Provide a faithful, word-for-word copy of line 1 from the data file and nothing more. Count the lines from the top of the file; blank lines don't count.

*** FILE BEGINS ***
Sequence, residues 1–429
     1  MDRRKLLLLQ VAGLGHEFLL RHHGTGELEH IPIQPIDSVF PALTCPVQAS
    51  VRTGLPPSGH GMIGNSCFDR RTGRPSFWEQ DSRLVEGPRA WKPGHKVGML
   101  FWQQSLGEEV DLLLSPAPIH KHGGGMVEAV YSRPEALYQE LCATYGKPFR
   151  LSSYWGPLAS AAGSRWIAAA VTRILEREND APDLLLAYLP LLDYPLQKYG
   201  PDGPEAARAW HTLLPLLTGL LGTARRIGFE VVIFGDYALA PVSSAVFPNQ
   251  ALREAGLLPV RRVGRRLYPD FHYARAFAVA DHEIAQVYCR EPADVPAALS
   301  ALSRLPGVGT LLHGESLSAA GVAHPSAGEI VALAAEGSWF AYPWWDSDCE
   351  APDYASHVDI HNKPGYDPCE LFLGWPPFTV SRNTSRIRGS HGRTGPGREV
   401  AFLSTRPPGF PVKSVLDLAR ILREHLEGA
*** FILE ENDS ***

Sequence, residues 1–429